Abstract

As the climate changes, changes in static stability, meridional temperature gradients, and availability of moisture for latent heat release may exert competing effects on the energy of midlatitude transient eddies. This paper examines how the eddy kinetic energy in midlatitude baroclinic zones responds to changes in radiative forcing in simulations with an idealized moist general circulation model. In a series of simulations in which the optical thickness of the longwave absorber is varied over a wide range, the eddy kinetic energy has a maximum for a climate with mean temperature similar to that of present-day earth, with significantly smaller values both for warmer and for colder climates. In a series of simulations in which the meridional insolation gradient is varied, the eddy kinetic energy increases monotonically with insolation gradient. In both series of simulations, the eddy kinetic energy scales approximately linearly with the dry mean available potential energy averaged over the baroclinic zones. Changes in eddy kinetic energy can therefore be related to the changes in the atmospheric thermal structure that affect the mean available potential energy.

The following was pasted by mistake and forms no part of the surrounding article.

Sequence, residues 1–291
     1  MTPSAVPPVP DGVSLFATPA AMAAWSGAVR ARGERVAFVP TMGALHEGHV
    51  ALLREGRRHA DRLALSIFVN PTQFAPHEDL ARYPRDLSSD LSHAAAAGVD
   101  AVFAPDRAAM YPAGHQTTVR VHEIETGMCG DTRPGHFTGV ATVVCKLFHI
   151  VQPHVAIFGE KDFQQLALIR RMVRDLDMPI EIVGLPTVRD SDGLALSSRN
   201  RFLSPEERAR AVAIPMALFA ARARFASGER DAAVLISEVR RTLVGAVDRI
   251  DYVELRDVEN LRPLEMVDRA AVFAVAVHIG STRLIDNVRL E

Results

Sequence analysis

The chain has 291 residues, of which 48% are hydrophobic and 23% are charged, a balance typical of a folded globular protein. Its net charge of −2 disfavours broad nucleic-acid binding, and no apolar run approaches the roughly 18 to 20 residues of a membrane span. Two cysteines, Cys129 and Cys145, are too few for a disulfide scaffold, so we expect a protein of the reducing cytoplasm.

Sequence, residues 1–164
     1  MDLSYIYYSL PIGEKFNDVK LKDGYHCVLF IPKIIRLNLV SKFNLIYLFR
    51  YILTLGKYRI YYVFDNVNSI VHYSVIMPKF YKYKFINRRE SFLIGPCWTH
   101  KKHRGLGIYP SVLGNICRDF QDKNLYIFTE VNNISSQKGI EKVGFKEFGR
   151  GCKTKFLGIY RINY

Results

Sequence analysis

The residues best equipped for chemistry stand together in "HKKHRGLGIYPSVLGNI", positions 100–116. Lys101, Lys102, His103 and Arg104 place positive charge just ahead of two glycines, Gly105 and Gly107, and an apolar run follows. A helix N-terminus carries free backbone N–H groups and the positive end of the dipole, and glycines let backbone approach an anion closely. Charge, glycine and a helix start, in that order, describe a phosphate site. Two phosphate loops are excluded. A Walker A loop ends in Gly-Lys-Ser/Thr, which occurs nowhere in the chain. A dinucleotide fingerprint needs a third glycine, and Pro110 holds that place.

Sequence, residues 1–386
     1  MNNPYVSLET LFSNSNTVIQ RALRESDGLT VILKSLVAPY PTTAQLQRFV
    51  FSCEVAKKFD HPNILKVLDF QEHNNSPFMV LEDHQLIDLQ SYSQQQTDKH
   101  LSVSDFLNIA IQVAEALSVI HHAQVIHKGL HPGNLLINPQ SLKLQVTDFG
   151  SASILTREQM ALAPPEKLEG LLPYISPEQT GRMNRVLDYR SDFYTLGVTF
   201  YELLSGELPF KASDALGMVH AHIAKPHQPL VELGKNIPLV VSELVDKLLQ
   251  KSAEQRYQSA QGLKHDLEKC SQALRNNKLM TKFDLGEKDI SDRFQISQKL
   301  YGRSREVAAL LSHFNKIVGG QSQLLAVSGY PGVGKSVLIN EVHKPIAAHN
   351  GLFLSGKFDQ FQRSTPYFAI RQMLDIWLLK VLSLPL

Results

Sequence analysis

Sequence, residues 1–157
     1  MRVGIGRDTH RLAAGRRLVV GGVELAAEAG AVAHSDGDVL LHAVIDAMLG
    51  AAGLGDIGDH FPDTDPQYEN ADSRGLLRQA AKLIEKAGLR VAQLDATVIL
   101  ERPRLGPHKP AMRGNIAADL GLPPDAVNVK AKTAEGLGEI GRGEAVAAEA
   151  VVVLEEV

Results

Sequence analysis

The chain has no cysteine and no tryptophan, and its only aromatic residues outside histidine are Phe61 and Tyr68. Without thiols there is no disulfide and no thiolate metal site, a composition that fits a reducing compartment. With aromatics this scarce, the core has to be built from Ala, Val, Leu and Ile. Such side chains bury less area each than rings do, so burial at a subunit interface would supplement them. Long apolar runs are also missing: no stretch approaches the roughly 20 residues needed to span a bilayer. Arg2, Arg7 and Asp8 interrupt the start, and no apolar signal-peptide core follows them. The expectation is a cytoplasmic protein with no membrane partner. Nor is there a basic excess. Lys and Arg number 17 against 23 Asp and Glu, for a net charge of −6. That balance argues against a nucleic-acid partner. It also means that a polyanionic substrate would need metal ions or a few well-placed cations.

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Martin S. Singh and Paul A. O’Gorman

Abstract